The Low End Theory helped shape alternative hip hop in the 1990s.[18][19] It established the musical, cultural, and historical link between hip hop and jazz.[20] The album was considered an instant classic with a 5 mics rating in The Source. Reviewer Reef lauded their "progressive sound" and "streetwise edge".[15] Writer Oliver Wang called the album "a consummate link between generations", which took the essence of jazz and hip hop, and "showing they originated from the same black center."[21] The group's "mellow innovations" helped jazz rap gain significant exposure from 1992 to 1993.[22] Rolling Stone ranked the album at number 154 in "The 500 Greatest Albums of All Time", stating that "people connected the dots between hip-hop and jazz -- both were revolutionary forms of black music based in improvisation and flow -- but A Tribe Called Quest's second album drew the entire picture."[23]

In Time magazine's "ALL-TIME 100" albums, Josh Tyrangiel called the record an exception to jazz rap often being "wishful thinking on the part of critics". He described the album as "socially conscious without being dull" and likened a few tracks to "smokey rooms where cool guys ... say cool things."[24]The Low End Theory was voted at number thirty-two in The Village Voice's 1991 Pazz & Jop critics poll.[25] Allmusic writer John Bush, who declared it "the most consistent and flowing hip-hop album ever recorded",[26] summed up the record as "an unqualified success, the perfect marriage of intelligent, flowing raps to nuanced, groove-centered productions."[9] On February 1, 1995, the Recording Industry Association of America (RIAA) certified the album platinum.[27] In 2005, comedian Chris Rock ranked it ninth on his Top 25 Hip-Hop Albums.[citation needed] Electronica artist James Lavelle cited The Low End Theory as one of his favorite albums.[28]

Track listing[edit]
All songs produced by A Tribe Called Quest, except "Show Business" and "Everything Is Fair", produced by Skeff Anselm and co-produced by A Tribe Called Quest.

No. Title Writer(s) Length
1. "Excursions" Jonathan Davis 3:53
2. "Buggin' Out" Davis, Ali Shaheed Muhammad, Malik Taylor 3:38
3. "Rap Promoter" Davis, Muhammad 2:13
4. "Butter" Davis, Muhammad, Taylor 3:39
5. "Verses from the Abstract" (featuring Vinia Mojica and Ron Carter on double bass) Davis 3:59
6. "Show Business" (featuring Diamond D, Lord Jamar and Sadat X) Skeff Anselm, Davis, Lorenzo Dechalus, Joseph Kirkland, Muhammad, Derrick Murphy, Taylor 3:53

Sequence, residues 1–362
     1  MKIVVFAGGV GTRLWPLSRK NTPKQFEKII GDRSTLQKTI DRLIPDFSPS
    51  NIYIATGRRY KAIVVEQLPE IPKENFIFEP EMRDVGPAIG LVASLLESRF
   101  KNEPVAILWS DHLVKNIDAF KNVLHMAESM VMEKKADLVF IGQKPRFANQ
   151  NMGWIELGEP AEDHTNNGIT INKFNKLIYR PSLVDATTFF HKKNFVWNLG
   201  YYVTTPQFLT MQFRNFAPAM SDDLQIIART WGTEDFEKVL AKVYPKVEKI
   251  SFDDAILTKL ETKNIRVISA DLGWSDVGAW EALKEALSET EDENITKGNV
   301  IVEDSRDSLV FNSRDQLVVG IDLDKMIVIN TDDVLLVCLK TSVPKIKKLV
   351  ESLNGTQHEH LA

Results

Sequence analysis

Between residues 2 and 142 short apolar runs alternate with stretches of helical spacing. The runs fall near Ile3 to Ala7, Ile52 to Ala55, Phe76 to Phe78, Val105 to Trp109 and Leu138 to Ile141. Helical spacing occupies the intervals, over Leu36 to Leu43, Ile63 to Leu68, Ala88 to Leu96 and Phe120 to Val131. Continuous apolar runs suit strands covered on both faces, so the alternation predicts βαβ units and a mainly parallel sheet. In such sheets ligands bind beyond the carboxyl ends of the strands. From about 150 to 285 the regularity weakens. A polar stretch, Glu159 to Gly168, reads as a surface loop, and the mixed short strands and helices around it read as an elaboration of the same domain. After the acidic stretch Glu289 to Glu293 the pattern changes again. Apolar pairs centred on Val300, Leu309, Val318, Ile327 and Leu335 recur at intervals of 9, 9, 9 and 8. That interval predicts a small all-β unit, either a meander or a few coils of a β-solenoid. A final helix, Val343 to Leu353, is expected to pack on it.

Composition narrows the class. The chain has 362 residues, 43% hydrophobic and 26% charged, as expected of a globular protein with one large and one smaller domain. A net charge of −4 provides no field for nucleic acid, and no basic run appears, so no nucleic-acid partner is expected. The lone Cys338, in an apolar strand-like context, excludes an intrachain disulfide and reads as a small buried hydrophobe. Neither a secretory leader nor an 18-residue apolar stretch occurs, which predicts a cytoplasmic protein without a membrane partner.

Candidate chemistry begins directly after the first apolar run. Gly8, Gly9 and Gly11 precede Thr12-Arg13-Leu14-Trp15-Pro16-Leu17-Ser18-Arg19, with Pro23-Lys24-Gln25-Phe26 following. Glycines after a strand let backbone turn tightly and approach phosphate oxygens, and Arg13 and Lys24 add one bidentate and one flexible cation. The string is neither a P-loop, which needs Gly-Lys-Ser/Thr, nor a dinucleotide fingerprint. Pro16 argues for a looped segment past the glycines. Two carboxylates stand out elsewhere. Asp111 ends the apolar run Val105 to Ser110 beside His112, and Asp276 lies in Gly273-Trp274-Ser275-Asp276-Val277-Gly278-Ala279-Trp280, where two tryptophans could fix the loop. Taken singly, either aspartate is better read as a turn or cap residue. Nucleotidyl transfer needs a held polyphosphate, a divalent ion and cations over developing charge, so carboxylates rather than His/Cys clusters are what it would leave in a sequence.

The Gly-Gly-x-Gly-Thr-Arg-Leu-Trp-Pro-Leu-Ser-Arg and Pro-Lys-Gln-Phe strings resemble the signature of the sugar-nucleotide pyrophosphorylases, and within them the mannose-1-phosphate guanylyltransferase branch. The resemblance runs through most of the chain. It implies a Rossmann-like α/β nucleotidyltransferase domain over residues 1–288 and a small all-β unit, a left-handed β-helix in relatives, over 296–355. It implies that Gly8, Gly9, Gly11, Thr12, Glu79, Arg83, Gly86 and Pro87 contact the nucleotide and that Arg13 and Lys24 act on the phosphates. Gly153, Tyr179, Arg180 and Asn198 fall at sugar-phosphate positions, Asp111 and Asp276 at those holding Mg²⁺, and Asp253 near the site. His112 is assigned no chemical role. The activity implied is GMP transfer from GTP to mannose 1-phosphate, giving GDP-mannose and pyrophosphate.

7. "Vibes and Stuff" Davis, Taylor 4:18
8. "The Infamous Date Rape" Davis, Muhammad, Taylor 2:54
9. "Check the Rhime" Davis, Muhammad, Taylor 3:36
10. "Everything Is Fair" Anselm, Davis, Muhammad, Taylor 2:58
11. "Jazz (We've Got)" Davis, Muhammad, Taylor 4:09
12. "Skypager" Davis, Muhammad, Taylor 2:13
13. "What?" Davis 2:29
14. "Scenario" (featuring Busta Rhymes, Charlie Brown and Dinco D of Leaders of the New School) Davis, Bryan Higgins, James Jackson, Muhammad, Trevor Smith, Taylor 4:10
"Time" by The Last Poets
"Tribute to Obabi" by The Last Poets
"The Soil I Tilled for You" by Shades of Brown
"Buhaina Chant" by Art Blakey & the Jazz Messengers
"Buggin' Out"
"Minya's the Mooch" by Jack DeJohnette
"Spinning Wheel" by Lonnie Liston Smith
"Ekim" by Michał Urbaniak
"Rap Promoter"
"Long Way Down" by Eric Mercury
"Keep on Doin It" by New Birth
"Stand" by Sly & the Family Stone
"Turned on to You" by Eighties Ladies
"I Like Everything About You" by Chuck Jackson
"Gentle Smiles" by Gary Bartz
"Young and Fine" by Weather Report
"Verses from the Abstract"
"Star of the Story" by Heatwave
"Upon This Rock" by Joe Farrell
"Show Business"
"Funky President" by James Brown
"Wicky-Wacky" by Fatback Band
"Midnight Cowboy" by Martin Denny
"Midnight Cowboy" by Ferrante & Teicher
"Mandamentos Black " by Gerson King Combo
"Rock Steady" by Aretha Franklin
"Vibes and Stuff"
"Down Here on the Ground" by Grant Green
"The Infamous Date Rape"
"Is It Him or Me?" by Jackie Jackson
"The Steam Drill" by Cannonball Adderley
"North Carolina" by Les McCann
"Check the Rhime"
"Love Your Life" by Average White Band
"Baby, This Love I Have" by Minnie Riperton
"Hydra" by Grover Washington, Jr.
"Fly Like an Eagle" by Steve Miller Band
"Nobody Beats the Biz" by Biz Markie
"I'm Just a Rock 'N' Roller" by Dalton and Dubarri
"Hihache" by Lafayette Afro Rock Band
"Everything Is Fair"
"Hot Pants (I'm Coming, I'm Coming, I'm Coming)" by Bobby Byrd
"Let's Take It to the People" by Funkadelic
"Ain't No Sunshine" by Harlem Underground Band
"Ain't No Sunshine" by Willis Jackson
"Jazz (We've Got)"(Remix)
"Don't Change Your Love" by Five Stairsteps
"Sing a Simple Song" by Sly & the Family Stone
"Red Clay" by Freddie Hubbard
"Green Dolphin' Street" by Lucky Thompson
"Long Red" by Mountain
"17 West" by Eric Dolphy
"Advice" by Sly & the Family Stone
"Uncle Willie's Dream" by Paul Humphrey & the Cool Aid Chemists
"So What" by Miles Davis
"Blind Alley" by Emotions
"Give It Up" by Kool & the Gang
"Funky Granny" by Kool & the Gang
"Soul Vibrations" by Kool & the Gang
"Ecstasy" by Ohio Players
"Oblighetto" by Jack McDuff
"Little Miss Lover" by The Jimi Hendrix Experience